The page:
Justice plans cloud monitoring program

Tucked in the Department of Justice's fiscal year 2020 budget request is $2 million for a small program that will boost cybersecurity threat monitoring in the agency's networks and expand detection and response to the cloud.

Countering a growing threat, particularly from China's economic and "non-traditional" espionage against U.S. interests, "is … our highest priority," Attorney General William Barr said when asked by Rep. Steven Palazzo (R-Miss.) about the agency's cybersecurity operations and budget. The $2 million for the program is a drop in the bucket of the agency's $29.2 billion budget request, but officials said it would reap outsized results.

The $2 million "will really have a bang for its buck, " said Lee Lofthus, assistant attorney general for administration at the department, who testified alongside Barr at the hearing. "It's money put into the Justice Security Operations Center [JSOC] that allows us to protect our own networks from intrusions and malware. It's really important that the agencies protect their own networks."

Barr included a mention of the program in his written statement as part of a large effort to address cyber, counterintelligence and counterterrorism at the agency.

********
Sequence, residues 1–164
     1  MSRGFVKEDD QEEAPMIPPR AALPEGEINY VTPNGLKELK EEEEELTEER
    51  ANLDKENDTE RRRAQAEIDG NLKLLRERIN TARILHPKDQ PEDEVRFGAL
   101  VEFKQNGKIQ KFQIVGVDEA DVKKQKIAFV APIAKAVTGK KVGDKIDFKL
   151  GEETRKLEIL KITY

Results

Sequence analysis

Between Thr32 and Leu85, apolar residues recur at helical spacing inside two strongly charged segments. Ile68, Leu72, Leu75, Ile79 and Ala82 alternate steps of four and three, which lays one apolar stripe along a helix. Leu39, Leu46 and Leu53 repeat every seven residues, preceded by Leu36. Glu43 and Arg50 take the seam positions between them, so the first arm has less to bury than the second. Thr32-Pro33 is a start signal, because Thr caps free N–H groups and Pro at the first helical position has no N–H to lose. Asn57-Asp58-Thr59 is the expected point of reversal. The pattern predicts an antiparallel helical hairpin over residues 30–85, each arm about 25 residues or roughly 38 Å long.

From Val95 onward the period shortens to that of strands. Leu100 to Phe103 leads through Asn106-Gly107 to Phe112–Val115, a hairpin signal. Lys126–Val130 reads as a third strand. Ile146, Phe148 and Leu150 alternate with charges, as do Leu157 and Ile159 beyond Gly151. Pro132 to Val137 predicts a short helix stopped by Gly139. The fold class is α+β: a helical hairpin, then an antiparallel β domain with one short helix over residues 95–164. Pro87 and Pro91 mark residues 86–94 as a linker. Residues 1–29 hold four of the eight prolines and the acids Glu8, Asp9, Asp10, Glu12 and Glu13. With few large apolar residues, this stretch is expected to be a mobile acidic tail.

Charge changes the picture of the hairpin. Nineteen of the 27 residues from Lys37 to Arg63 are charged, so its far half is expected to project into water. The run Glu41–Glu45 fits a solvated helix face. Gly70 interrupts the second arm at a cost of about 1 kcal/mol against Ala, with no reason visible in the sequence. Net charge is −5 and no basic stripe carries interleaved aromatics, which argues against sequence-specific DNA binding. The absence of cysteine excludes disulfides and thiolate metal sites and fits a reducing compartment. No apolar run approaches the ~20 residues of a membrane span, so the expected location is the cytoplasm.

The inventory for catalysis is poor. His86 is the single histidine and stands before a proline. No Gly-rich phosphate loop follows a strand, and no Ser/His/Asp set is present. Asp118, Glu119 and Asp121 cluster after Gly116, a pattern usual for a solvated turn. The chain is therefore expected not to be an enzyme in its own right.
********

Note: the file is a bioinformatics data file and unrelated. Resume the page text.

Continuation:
According to the agency's budget documentation, the $2 million program would protect high-value assets and information in agency data centers, as well as data that resides beyond on-premises networks in the cloud.

The program would allow the JSOC to extend sensors deeper into the agency's network architecture, integrate "behavior-based sensors at strategic network locations" and extend its detection and response capabilities beyond on-premises networks to " wherever our data resides."

This article was first posted to FCW, a sibling site to GCN.

About the Author

Mark Rockwell is a senior staff writer at FCW, whose beat focuses on acquisition, the Department of Homeland Security and the Department of Energy.

Before joining FCW, Rockwell was Washington correspondent for Government Security News, where he covered all aspects of homeland security from IT to detection dogs and border security. Over the last 25 years in Washington as a reporter, editor and correspondent, he has covered an increasingly wide array of high-tech issues for publications like Communications Week, Internet Week, Fiber Optics News, tele.com magazine and Wireless Week.

Rockwell received a Jesse H. Neal Award for his work covering telecommunications issues, and is a graduate of James Madison University.

Click here for previous articles by Rockwell. Contact him at [email protected] or follow him on Twitter at @MRockwell4.


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